For heat and mass transfer through a stationary or streamline fluid to a single spherical particle, it has been shown in Volume 1, Chapter 9, that the heat and mass transfer coefficients reach limiting low values given by:
where Nu_(= hd/k) and Sh_(= hDd/D) are the Nusselt and Sherwood numbers with respect to the fluid, respectively. KRAMERS(41) has shown that, for conditions of forced convection, the heat transfer coefficient can be represented by:
where Re_c is the particle Reynolds number ucdρ/μ based on the superficial velocity uc of the fluid, and Pr is the Prandtl number Cpμ/k. This expression has been obtained on the basis of experimental results obtained with fluids of Prandtl numbers ranging from 0.7 to 380. For natural convection, RANZ and MARSHALL(42) have given:
where Gr_ is the Grashof number discussed in Volume 1, Chapter 9. Results for packed beds are much more difficult to obtain because the driving force cannot be measured very readily, GUPTA and THODOS(43) suggest that the j -factor for heat transfer, jh (Volume 1, Chapter 9), forms the most satisfactory basis of correlation for experimental results and have proposed that:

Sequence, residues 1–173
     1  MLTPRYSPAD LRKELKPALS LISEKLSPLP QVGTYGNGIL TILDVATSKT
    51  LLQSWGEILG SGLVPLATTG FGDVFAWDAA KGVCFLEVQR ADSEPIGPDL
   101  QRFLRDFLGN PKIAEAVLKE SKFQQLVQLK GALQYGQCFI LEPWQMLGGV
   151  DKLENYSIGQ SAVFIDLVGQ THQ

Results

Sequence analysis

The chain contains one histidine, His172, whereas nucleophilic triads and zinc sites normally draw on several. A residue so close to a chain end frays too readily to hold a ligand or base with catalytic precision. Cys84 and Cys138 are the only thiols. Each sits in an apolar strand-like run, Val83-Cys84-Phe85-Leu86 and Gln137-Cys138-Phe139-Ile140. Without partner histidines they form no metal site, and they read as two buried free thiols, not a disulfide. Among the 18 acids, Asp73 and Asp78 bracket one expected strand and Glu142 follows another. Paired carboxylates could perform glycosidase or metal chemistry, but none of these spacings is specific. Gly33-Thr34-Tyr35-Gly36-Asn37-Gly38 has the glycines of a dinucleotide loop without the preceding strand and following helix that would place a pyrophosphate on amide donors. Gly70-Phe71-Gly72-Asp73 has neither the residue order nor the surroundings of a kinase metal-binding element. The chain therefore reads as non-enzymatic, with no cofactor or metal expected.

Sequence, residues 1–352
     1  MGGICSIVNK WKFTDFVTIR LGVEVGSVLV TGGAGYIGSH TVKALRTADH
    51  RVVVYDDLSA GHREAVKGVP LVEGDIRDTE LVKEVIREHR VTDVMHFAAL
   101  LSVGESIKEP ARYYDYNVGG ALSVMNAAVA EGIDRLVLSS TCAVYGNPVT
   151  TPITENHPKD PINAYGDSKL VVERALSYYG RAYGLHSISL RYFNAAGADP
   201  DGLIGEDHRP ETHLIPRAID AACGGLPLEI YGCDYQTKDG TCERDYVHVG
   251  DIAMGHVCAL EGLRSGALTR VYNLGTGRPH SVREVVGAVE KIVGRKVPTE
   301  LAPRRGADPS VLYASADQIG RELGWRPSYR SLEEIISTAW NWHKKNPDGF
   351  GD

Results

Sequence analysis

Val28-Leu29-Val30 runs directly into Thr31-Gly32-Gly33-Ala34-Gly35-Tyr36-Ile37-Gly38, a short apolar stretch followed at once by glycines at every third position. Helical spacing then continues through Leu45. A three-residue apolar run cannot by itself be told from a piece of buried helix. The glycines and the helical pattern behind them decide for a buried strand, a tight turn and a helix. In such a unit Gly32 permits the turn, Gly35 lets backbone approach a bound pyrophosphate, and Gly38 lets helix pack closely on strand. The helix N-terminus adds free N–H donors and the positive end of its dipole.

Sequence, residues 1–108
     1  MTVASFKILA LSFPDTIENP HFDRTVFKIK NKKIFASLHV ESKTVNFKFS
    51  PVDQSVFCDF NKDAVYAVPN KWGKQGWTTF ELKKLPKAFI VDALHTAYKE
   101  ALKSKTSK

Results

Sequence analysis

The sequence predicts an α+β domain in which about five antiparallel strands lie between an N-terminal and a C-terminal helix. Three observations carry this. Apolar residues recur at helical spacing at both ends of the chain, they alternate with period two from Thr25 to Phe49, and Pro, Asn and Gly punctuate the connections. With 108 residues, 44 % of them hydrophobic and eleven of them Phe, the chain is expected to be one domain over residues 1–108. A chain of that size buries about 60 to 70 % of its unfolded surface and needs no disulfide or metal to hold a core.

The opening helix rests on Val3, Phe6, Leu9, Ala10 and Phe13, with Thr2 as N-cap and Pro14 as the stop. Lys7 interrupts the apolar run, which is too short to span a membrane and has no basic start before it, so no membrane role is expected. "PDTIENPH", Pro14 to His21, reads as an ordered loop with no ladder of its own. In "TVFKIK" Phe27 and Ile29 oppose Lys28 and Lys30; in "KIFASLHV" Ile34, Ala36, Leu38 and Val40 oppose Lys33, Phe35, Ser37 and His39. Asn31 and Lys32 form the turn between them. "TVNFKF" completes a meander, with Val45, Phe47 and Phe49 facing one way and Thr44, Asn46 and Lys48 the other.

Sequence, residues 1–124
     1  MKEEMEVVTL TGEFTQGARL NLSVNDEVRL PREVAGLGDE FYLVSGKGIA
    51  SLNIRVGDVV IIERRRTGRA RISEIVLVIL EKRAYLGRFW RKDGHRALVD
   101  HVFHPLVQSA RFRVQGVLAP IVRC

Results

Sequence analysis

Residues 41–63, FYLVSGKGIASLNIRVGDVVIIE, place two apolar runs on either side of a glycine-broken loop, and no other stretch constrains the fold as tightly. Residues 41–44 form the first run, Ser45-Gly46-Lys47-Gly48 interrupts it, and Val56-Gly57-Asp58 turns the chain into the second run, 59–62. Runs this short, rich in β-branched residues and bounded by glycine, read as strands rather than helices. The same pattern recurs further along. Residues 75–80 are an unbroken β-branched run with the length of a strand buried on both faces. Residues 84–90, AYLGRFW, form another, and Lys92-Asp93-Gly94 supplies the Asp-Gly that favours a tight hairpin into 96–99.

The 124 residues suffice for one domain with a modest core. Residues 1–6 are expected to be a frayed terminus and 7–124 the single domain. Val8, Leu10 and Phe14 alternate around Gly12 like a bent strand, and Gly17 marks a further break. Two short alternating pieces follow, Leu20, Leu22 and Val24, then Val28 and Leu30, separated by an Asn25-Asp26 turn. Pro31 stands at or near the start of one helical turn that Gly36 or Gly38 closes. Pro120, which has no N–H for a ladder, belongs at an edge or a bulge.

The j -factors for heat and mass transfer, jh and jd , are found to be equal, and therefore equation 4.44 can also be used for the calculation of mass transfer rates.
Reproducible correlations for the heat transfer coefficient between a fluid flowing through a packed bed and the cylindrical wall of the container are very difficult to obtain.
The main difficulty is that a wide range of packing conditions can occur in the vicinity of the walls. However, the results quoted by ZENZ and OTHMER(44) suggest that:
It may be noted that in this expression the Nusselt number with respect to the tube wall Nu is related to the Reynolds number with respect to the particle